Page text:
It's no secret that the world is a stressful place right now. With the war in Ukraine, climate crisis, rising energy prices, COVID-19, and talk of recession—it's no wonder many of us are feeling stressed at the moment. A UK-wide stress survey - commissioned by the Mental Health Foundation - has found that almost three-quarters of adults (74%) have felt so stressed over the past year that they felt overwhelmed or unable to cope.
Aiming to tackle stress and reduce the stigma around it, International Stress Awareness Week was created in 2018 to help people learn more about stress management and prevention. It runs from 7-11 November, and this year’s theme is: Working Together to Build Resilience and Reduce Stress.
Cut back on caffeine past 11 am
Turn screens off at 9 pm
Go for a walk within 1st hour of waking up
Go to bed at 10 pm
We often make the mistake of believing that time spent watching TV or reading a book are relaxing, stress-free activities. While it's true this will relax you in the short term, it doesn't actually calm or rejuvenate you. It can often even lead to your stress worsening and can cause feelings of guilt.
That's why when it comes to stress, you have to activate your body's natural relaxation response. Techniques such as meditation, yoga, deep breathing and visualisation are proven to be the best coping strategies for stress.
In a similar way to meditation, when you exercise you breathe deeper which activates your body's relaxation response. If you make exercise a part of your daily routine - even for 10 minutes a day - you can help yourself cope better with symptoms of stress.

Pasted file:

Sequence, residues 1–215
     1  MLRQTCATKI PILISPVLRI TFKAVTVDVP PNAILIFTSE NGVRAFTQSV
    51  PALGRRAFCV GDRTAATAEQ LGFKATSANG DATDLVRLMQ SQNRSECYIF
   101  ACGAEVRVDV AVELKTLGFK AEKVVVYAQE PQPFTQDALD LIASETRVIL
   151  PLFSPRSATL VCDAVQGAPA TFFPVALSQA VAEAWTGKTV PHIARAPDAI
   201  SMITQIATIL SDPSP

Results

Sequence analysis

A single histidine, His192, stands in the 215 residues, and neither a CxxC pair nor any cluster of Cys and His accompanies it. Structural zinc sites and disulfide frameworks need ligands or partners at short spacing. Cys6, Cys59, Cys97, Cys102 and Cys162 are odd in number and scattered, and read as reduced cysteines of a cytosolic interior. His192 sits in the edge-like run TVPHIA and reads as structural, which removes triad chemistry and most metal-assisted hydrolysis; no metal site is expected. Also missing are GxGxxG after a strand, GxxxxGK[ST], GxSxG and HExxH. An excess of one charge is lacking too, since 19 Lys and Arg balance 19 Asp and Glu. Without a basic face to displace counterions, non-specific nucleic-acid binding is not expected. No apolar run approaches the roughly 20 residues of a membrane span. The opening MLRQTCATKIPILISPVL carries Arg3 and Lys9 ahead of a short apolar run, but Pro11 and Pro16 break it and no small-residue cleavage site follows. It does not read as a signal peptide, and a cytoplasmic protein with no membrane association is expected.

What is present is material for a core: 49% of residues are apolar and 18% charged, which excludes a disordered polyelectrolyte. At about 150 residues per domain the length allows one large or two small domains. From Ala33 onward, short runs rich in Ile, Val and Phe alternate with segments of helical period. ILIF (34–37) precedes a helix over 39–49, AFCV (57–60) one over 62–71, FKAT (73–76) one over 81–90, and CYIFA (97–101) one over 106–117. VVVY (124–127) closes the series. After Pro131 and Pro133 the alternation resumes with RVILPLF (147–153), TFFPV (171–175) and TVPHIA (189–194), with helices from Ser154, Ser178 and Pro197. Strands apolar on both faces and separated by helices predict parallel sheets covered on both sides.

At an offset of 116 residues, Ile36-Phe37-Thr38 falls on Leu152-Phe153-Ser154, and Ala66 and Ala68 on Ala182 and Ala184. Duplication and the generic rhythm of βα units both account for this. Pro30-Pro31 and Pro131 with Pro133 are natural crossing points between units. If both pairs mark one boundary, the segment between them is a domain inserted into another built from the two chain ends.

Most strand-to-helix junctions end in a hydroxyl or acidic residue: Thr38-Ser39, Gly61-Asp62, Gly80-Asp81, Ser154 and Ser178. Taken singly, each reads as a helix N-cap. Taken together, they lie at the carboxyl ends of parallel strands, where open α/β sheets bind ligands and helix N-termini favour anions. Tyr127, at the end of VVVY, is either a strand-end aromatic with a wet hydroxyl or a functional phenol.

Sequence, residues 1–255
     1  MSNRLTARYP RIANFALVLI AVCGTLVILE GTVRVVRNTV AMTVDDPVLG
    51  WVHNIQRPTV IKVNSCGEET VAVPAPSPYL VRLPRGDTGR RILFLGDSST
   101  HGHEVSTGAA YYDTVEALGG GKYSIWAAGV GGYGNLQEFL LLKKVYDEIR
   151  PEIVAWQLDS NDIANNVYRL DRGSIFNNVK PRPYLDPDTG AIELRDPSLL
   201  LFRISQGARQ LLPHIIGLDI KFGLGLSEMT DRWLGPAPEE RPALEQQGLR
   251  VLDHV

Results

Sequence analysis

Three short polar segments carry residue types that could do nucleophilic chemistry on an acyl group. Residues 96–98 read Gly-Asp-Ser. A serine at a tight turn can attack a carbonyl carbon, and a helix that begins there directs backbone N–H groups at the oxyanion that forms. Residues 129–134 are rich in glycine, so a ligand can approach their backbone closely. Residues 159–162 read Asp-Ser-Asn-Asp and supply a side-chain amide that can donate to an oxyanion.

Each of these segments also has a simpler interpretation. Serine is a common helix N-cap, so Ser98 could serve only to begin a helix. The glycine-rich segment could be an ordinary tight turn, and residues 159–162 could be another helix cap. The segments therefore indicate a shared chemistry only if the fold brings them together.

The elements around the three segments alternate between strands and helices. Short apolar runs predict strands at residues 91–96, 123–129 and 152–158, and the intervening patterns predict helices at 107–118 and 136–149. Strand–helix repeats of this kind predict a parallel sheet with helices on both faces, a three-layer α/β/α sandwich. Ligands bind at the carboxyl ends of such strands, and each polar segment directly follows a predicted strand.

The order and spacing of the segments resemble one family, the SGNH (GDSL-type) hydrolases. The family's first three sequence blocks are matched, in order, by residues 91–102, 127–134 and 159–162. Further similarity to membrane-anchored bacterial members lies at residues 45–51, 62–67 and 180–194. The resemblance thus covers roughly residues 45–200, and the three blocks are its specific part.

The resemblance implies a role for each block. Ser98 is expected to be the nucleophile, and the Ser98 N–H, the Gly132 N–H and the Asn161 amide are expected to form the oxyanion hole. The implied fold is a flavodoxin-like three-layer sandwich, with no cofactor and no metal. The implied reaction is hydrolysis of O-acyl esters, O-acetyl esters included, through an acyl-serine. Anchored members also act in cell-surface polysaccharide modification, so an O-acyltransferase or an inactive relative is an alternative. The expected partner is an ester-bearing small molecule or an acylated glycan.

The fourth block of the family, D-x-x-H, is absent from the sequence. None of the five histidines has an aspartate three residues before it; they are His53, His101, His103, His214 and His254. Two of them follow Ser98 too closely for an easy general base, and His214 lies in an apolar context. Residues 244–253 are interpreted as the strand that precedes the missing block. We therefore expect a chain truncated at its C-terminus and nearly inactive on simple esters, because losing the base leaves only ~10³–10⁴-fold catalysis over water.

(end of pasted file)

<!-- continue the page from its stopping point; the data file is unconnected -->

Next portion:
Any form of exercise or physical activity helps to reduce your stress levels and has a massive influence on your mental and physical well-being.
Writing and journalling can help you boost positive emotions and reduce stress and anxiety. There are more than 200 studies that show the positive effect of writing on mental health and it's recommended you spend around 20 minutes per day writing about positive experiences.
The aim of this is to find something to feel good about even in times of stress and to find positives within experiences that make you uncomfortable or unhappy.
Stress triggers a set of biological responses including an increase in blood sugar, raising blood pressure, rapid heartbeat and the release of stress hormones, adrenaline and cortisol.
All these responses, known as ‘fight or flight', are designed to help you meet physical challenges that threaten your survival when faced with stress (e.g. how your body would respond if you were being chased by lions). The trouble is, in today’s high-stress culture, the stress response continually remains on full alert and the body does not have a chance to recover.
Eating a balanced and healthy diet is key to helping our bodies to manage the physiological changes caused by stress. An important part of any stress response includes identifying and reducing the causes of stress.
Never be afraid to reach out to family and friends for support in coping with stress.
Socialising increases a hormone within our bodies that can decrease levels of anxiety and make us feel more confident in our ability to deal with stress. Social interactions with family and friends can play a crucial role in how you function daily and spend time each day talking and interacting to relieve stress.
A lot of the time, you might feel too stressed to even find the right ways to cope and that can continue the cycle of guilt. So remember to be kind to yourself and that adapting to small changes in your lifestyle can be hugely beneficial.
Reinforce the habit of showing up for yourself: if you can't write 2 pages, try 1 page. If you can't work out for 60 minutes, work out for 20. If you can't meditate for 20 minutes, find time for just 5 minutes and then work from there.